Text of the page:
Diazonium-based ion-imprinted polymer/clay nanocomposite for the selective extraction of lead (II) ions in aqueous media

Msaadi R., Ammar S., Chehimi M. M., Yagci Y.

EUROPEAN POLYMER JOURNAL, vol.89, pp.367-380, 2017 (SCI-Expanded) identifier identifier

  • Publication Type: Article / Article
  • Volume: 89
  • Publication Date: 2017
  • Doi Number: 10.1016/j.eurpolymj.2017.02.029
  • Journal Indexes: Science Citation Index Expanded (SCI-EXPANDED), Scopus
  • Page Numbers: pp.367-380
  • Istanbul Technical University Affiliated: Yes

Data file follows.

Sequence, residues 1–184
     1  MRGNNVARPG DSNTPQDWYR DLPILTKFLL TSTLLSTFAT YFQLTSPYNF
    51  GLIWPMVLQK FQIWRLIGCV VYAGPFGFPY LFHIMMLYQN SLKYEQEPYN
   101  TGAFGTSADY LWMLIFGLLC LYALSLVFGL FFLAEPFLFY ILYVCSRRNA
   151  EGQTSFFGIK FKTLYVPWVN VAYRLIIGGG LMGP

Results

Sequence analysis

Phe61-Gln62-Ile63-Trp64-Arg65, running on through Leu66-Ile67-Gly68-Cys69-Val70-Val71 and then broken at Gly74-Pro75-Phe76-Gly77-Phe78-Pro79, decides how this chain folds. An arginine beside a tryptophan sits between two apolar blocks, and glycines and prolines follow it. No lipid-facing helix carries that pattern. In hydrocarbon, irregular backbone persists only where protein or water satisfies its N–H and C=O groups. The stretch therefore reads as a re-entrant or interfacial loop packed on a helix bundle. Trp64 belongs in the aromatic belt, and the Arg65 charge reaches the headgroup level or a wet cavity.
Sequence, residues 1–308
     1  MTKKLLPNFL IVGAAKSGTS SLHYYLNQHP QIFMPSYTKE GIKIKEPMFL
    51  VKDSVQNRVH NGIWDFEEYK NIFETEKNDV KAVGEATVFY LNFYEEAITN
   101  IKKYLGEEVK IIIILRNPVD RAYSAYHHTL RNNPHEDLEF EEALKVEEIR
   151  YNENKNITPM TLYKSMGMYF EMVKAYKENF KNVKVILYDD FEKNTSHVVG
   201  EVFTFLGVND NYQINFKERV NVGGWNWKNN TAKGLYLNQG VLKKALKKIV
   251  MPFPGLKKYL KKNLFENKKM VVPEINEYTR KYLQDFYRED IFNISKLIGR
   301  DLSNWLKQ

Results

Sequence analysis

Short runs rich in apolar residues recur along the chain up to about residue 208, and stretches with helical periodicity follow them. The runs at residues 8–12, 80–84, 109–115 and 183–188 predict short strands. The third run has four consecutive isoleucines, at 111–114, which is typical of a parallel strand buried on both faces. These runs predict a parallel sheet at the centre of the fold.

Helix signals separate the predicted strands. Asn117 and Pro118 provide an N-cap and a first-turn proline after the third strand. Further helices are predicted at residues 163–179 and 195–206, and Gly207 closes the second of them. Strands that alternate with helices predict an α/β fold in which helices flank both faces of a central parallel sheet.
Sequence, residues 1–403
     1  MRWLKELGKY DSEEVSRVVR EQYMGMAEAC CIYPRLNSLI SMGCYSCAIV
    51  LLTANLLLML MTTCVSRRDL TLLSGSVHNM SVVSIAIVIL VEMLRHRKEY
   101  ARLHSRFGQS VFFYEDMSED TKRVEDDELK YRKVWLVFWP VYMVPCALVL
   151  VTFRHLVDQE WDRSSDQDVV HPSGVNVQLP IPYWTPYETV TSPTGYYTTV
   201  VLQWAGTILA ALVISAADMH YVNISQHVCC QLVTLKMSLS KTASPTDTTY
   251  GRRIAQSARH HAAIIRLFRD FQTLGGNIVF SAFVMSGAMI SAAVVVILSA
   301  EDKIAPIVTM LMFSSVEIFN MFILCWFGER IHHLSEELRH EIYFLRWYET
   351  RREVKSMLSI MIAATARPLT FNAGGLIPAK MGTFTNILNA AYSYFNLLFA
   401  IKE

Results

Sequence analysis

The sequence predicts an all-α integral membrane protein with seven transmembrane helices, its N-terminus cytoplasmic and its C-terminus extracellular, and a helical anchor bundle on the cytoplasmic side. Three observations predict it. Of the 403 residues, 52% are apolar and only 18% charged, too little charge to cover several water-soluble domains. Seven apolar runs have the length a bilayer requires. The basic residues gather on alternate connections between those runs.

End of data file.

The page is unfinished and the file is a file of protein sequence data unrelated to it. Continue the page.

Ion imprinted polymer/montmorillonite clay nanocomposite (MMT/IIP) was prepared by the combination of diazonium salt chemistry and photopolymerization process, and used for the selective removal of Pb(II). Toward this end, clay was ion exchanged with dimethylaminobenzenediazonium (DMA) to facilitate incorporation of hydrogen donating sites to the aluminosilicate layers. Upon irradiation of the mixture of the intercalated clay, acrylamide, bisacrylamide and Pb (II)-dithizone complex in the presence of benzophenone in DMSO, the copolymerization initiated by the free radicals formed by the hydrogen abstraction of photoexcited benzophenone from the dimethylamino groups of the intercalated clay. The resulting ion imprinted network nanocomposite and the precursors pristine and diazonium cation intercalated clays were thoroughly characterized by detailed FT-IR, XPS, XRD and SEM. Particularly, XRD analysis brought strong supporting evidence for high exfoliation of the clay upon photopolymerization, whereas XPS permitted to demonstrate that the final nanocomposite has polyacrylamide-rich surface. The adsorption and recognition properties of MMT/IIP for Pb(II) were evaluated using atomic absorption technique. The adsorption capacity was found to be as high as 301 mg/g after about 30 min contact time, and the relative selectivity coefficients to Zn2+ and Fe3+ were 9.2 and 93, respectively. Compared with non-imprinted clay/polymer nanocomposites, the MMT/IIP exhibited much higher affinity for Pb(II) therefore stressing the importance of the artificial receptor sites within the nanocomposite. Altogether, the results are consistent with an MMT/IIP nanocomposite that is specific to lead II. This work demonstrates for the first time the potential of aryldiazonium chemistry combined with photopolymerization for the fabrication of high performance clay/ion imprinted nanocomposites for the removal of toxic heavy metals.